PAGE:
Take northeast India for example. Approximately $12 billion (at current exchange) worth of road infrastructure is under construction. Another $16 billion of road infrastructure is in the pipeline. Add another $ 5 billion estimated cost for connecting all north-eastern capitals by rail. Then huge investments in infra creation in Bangladesh and Myanmar to give the region wider logistics and access choices.

Think of the entire country and the bill is mind-blowing.
Only one Bullet train line will cost nearly $13 billion. The Western and Eastern DFCs (dedicated freight corridor) together (2800 km) will cost an estimated $11 billion. Announced in 2006, the projects achieved little progress till 2014. Now they are nearing completion. And the government wants to extend the DFC network.

Over the last seven years, highway construction peaked across the country. Roughly $10 billion worth of expressways is under construction in Uttar Pradesh alone. Add to that the rush for the creation of urban rapid transport.

Transport is just one segment of infrastructure. From the limited agenda of rural electrification, we are now moving towards 24X7 electricity for all. This needs tremendous investment in the grid and distribution network. 24X7 electricity means huge capacity redundancy.

Renewable capacities increased by more than three times from 29 GW (gigawatt) to 100 GW in seven years. To support this infirm electricity, we need more investment in transmission. Clearly, we are paying more for creating wider choices and that’s needed.

The rapid increase in the use of electricity will not only improve quality of life but will also reduce our dependence on imported oil and gas. Induction heaters became popular. They are replacing the need for imported liquified petroleum gas.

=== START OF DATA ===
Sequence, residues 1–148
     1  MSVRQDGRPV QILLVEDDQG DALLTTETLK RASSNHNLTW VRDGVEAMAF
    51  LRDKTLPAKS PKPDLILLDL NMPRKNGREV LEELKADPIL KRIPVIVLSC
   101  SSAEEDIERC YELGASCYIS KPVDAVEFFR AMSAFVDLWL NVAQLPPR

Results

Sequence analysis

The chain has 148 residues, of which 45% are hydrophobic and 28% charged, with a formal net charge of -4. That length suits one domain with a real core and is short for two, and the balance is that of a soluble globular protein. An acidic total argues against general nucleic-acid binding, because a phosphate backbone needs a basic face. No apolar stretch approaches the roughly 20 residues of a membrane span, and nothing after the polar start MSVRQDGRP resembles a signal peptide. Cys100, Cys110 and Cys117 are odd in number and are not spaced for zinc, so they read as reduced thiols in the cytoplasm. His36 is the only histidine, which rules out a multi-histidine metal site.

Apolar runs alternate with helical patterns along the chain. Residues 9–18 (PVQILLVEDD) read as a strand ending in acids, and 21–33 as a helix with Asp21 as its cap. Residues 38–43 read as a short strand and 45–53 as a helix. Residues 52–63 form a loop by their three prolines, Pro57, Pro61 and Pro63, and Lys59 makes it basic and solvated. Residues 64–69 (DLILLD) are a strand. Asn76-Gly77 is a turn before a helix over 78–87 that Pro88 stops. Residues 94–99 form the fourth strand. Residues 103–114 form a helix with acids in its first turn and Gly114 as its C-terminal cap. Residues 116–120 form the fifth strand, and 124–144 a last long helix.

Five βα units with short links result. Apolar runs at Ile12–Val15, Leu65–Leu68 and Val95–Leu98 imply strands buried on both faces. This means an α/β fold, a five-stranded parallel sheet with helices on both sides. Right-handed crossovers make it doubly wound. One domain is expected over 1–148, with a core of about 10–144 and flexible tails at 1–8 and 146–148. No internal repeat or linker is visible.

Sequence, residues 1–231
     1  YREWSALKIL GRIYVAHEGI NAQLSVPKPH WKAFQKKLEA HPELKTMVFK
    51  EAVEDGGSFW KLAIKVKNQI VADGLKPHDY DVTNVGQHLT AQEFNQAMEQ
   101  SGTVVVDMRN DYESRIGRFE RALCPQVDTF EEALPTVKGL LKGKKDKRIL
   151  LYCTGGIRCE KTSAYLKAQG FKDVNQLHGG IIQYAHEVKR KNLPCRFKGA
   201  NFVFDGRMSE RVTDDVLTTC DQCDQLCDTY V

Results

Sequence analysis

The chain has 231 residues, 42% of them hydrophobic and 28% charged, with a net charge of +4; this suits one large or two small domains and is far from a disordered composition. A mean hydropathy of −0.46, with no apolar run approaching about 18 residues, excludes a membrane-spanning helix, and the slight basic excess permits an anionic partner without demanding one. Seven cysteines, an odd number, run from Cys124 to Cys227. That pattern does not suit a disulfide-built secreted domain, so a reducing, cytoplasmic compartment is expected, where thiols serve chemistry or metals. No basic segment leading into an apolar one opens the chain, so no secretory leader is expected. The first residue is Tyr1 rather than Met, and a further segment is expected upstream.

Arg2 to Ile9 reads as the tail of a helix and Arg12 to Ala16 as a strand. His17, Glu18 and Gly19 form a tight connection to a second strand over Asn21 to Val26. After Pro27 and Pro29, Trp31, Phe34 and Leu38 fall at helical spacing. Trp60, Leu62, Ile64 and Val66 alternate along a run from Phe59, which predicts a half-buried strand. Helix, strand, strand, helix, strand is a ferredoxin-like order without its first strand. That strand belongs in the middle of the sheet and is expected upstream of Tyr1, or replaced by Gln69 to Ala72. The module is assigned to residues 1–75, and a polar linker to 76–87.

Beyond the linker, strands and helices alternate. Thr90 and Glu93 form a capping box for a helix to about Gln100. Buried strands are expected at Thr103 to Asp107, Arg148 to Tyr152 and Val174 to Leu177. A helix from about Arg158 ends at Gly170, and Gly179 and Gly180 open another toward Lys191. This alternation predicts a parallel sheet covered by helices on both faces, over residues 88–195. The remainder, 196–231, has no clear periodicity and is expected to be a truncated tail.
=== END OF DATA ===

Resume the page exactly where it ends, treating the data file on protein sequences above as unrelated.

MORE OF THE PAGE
Railways alone consume 40 percent of diesel. Electrification of tracks will replace that demand. Similarly, the popularization of electric vehicles will replace the demand for petrol. They will serve a dual purpose. On the one hand, import bills will be checked. On the other hand, refiners will have more free capacities to tap the export demand.

It’s a complex game. The Digital India initiative unlocked huge opportunities in the e-commerce segment. Small-time meal suppliers in cities now have wider market access. Cash collection increases the chances of theft and pilferage. The supplier can now send food by a delivery boy and collect payment through digital wallets like Google Pay, PhonePe etc. The entire business stands on quality mobile data connectivity.

The big question is who will pay for it? Private investment doesn’t come easy in infra creation due to the long gestation period. Banks don’t lend money for roads and highways either.  Government cannot keep borrowing and endanger the fiscal balance. They need to recycle finance. There are some long-term investors, but they need the right vehicles.

NMP aims to create those vehicles. It is not going to sell highways, simply because there are no takers for that.  No one is ready to block billions of dollars and wait for 25-30 years for returns. Circulation of money is key to business.

The arguments are not difficult to understand, provided of course they are willing to.

(The writer is a veteran journalist and public policy expert. Views expressed are his own.)